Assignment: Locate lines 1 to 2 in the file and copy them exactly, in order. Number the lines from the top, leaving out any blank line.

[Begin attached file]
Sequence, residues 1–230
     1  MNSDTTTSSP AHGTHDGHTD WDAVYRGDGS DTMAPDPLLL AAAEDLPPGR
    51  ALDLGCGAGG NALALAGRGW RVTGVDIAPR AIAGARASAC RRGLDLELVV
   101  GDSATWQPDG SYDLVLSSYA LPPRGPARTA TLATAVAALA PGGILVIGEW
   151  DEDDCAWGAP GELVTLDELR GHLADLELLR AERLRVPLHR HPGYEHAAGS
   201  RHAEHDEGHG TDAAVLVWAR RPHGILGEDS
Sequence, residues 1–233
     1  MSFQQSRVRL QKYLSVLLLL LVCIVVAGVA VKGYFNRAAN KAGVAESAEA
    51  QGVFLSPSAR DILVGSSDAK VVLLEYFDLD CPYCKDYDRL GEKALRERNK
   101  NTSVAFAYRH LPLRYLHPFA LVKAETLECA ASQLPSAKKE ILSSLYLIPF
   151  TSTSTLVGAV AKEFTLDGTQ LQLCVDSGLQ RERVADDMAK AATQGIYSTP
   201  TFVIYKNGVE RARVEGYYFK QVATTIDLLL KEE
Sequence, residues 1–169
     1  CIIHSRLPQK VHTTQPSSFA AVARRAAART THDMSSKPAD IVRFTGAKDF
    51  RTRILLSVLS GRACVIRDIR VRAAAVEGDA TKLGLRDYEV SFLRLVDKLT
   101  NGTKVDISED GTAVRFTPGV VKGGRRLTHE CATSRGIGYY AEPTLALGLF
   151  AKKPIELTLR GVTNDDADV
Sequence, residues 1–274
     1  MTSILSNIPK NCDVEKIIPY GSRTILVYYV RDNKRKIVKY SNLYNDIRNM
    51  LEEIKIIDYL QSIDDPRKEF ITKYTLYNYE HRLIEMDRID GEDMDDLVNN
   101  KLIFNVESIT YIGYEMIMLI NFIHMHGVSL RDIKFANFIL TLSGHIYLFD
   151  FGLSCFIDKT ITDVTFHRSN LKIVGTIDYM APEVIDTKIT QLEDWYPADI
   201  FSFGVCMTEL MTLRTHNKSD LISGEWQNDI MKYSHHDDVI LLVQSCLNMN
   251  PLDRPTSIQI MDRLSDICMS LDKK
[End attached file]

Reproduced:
Sequence, residues 1–230
     1  MNSDTTTSSP AHGTHDGHTD WDAVYRGDGS DTMAPDPLLL AAAEDLPPGR